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‘Former Gambian leader was involved in illegal drug trade’

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Banjul, Gambia, January 16 (Infosplusgabon) - Pateh Jallow, a former deputy director l of the Gambian national drug law enforcement agency, has revealed that former president Yahya Jammeh was involved in illegal drug trade.


Jallow, a veteran Gambian security agent who served as deputy director of the Agency after the dismissal of the director general Bun Sanneh and others, said Jammeh’s portrayal of himself as Africa’s leading fighter of drugs was a fraud.


“I can tell you Jammeh was involved in drug trafficking and I am very sure. And they knew also that if the trafficking in Gambia was effectively investigated, we were all going to be in trouble,” he told in an interview on Tuesday.


Gambia and Guinea Bissau have been some of the leading transit points for South American cocaine moving to Europe and America.


According to experts and records from Gambia, the country was the second leading transit point in the region behind Nigeria, with Bissau trailing.


And according to UN, Cocaine transiting West Africa is worth an estimated US$ 1 billion.


Mr Jallow said Jammeh was aware of all the drug activities in the country and was often involved.


Following the Cocaine worth US$ 1 billion seized in The Gambia Bonto, West Coast region in 2010, Mr Jallow said he was instructed as the deputy director of the drug squad not to talk to journalists because of the apparent knowledge that it did surprise the world how Gambian authorities could have claimed they were not aware of the drug presence in the country.


He said after their Bonto incident where they seized over 2 tons of cocaine, he was dismissed together with one commissioner, Mawlud Faal.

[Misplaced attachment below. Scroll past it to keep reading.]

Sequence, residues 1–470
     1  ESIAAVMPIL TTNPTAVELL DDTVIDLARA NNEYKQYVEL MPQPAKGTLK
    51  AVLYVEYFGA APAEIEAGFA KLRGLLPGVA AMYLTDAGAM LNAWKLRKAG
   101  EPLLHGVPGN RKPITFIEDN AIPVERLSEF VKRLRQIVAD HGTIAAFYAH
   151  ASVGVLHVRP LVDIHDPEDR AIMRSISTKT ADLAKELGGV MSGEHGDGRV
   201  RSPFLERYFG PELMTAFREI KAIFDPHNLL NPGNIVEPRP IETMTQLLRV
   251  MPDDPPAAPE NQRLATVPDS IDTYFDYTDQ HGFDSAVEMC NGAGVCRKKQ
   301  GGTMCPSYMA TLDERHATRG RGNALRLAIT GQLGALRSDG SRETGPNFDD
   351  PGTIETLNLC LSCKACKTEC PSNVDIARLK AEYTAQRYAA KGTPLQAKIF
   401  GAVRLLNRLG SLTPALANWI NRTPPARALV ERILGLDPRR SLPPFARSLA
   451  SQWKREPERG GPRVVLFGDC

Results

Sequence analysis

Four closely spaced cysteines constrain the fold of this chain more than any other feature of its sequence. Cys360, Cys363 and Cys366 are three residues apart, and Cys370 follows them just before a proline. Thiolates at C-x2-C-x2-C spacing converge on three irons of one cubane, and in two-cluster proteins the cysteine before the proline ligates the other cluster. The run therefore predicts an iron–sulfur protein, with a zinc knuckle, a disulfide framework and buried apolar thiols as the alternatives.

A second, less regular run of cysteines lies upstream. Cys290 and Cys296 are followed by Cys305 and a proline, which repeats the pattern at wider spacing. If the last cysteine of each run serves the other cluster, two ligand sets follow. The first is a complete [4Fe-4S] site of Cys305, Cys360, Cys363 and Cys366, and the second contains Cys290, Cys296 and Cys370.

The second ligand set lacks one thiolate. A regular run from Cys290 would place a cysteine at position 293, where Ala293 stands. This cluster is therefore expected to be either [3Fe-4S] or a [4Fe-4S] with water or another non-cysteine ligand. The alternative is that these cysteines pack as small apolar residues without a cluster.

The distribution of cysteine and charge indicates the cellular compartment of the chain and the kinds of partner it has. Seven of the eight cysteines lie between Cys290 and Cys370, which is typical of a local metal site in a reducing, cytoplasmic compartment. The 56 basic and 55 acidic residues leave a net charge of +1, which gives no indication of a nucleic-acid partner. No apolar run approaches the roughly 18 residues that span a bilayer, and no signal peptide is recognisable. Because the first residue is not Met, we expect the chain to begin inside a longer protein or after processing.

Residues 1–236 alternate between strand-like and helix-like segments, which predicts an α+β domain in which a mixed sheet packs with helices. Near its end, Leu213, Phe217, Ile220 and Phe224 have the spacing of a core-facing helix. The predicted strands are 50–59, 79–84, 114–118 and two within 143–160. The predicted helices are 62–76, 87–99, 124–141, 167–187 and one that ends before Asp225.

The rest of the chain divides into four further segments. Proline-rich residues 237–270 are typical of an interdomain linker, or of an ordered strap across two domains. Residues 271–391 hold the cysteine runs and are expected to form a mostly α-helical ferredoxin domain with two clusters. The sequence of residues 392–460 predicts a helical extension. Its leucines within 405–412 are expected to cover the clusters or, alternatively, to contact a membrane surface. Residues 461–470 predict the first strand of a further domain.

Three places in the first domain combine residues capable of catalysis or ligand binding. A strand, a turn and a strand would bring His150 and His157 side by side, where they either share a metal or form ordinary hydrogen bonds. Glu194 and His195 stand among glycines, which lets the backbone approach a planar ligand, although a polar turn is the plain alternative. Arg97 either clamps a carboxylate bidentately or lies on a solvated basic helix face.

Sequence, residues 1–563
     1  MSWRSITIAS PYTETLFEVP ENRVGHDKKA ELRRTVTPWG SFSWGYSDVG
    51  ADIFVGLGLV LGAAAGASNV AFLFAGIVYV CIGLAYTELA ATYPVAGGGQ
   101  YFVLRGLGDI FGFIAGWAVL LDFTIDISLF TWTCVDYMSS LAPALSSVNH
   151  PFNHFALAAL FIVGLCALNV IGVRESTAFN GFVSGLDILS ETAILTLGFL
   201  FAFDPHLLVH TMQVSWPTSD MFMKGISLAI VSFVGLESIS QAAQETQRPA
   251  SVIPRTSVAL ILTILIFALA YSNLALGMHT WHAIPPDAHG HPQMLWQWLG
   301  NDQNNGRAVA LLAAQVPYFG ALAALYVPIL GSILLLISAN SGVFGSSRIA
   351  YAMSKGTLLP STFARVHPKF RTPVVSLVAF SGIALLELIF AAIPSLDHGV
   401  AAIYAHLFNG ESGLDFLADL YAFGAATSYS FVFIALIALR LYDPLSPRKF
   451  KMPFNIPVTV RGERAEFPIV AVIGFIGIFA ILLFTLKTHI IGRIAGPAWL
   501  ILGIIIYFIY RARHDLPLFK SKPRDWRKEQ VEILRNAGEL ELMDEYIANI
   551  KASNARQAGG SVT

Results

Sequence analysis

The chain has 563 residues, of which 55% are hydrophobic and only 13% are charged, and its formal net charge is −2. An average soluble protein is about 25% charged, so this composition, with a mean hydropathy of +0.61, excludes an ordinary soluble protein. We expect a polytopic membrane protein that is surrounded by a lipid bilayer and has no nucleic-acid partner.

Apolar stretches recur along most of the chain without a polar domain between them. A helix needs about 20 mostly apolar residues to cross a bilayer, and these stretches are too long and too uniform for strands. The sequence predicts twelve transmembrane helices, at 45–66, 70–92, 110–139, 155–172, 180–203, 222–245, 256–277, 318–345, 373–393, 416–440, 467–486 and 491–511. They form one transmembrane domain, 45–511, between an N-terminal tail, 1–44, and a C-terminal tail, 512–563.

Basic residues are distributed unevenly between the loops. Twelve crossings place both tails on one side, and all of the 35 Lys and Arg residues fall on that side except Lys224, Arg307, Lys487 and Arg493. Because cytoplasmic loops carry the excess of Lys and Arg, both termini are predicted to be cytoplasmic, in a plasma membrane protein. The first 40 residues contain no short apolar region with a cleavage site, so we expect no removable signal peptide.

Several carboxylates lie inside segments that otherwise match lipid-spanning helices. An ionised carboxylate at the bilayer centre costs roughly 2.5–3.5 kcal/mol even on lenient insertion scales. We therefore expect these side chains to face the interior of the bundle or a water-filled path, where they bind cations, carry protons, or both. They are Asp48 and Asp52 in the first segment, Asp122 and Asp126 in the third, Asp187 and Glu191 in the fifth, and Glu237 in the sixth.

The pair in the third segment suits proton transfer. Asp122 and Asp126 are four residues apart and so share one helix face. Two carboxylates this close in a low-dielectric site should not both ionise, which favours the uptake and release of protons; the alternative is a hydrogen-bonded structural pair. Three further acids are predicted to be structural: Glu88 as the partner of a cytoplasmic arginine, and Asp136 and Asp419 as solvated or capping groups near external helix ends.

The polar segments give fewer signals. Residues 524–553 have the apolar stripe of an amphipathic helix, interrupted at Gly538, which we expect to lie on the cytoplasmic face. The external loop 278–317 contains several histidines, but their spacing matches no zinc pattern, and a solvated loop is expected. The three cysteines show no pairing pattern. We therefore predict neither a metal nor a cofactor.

Jallow said it was Faal, later dismissed and jailed, whose investigation led a team to the arrest of Machael Fraur and Maimuna Ceesay, among others.


“When these people were arrested with 3 kilos of cocaine, we launched a full investigation into the matter… At that time, the Colombians and Jamaicans were also helping us with some information…,” he said.


He said he would later receive a call from former interior minister Ousman Sonko and Jammeh himself insulting his mother.


“They would not tell me why but I knew it was the arrest we have made… but they claimed I was talking to the American officials which was not true,” he said.


Jallow admitted he had a friend he visited at the American embassy who later put him in touch with the regional security officer there at the time.


“At the scale in which drug was coming into the country, we needed support. We do not have the capacity,” he said.


Jallow said he was also instructed through directives to release Sillah Ba Samateh for alleged involvement in drug trade.


“Samateh was later released by the National Intelligence Agency and I did not know what transpired between him and them,” Jallow said.


Samateh is a Salikenni native who kept fighting his innocence in the trade but he did accuse Jammeh of involvement with Bubo.


Even before the fall of the autocratic ruler, Samateh made several accusations that Jammeh was a drug kingpin despite his repeated rhetoric against the trade.


A former police chief who was also battling drug charges among others, Jesus Badgie, also reportedly said he was involved in the trade with “The Big Man”, reportedly referring to Jammeh.


Drug trade in Bissau, infamously dubbed Africa’s first narco-state, has for a long time been a concern to Europe and American authorities.


The small country of 1.7 million people has not had a stable 5 years since independence, witnessing 9 different coups or attempted coups.


One of its drug kingpins who was arrested and jailed by U.S. authorities for 4 years, former Rear Admiral Jose Americo Bubo Na Tchuto, was Jammeh’s old buddy who has spent a year in Gambia while in hiding.


Jallow confirmed that Bubo was given two bodyguards by Gambia police force under former IGP Yankuba Sonko and was given sanctuary by Jammeh.


Jallow started as a Gendarmerie and then switched to the police from where he was transferred to the army before he eventually became a drug squad officer.


Jallow left the army in 1995 after several accusations of being disloyal before rejoining the police and eventually becoming a drug squad officer.







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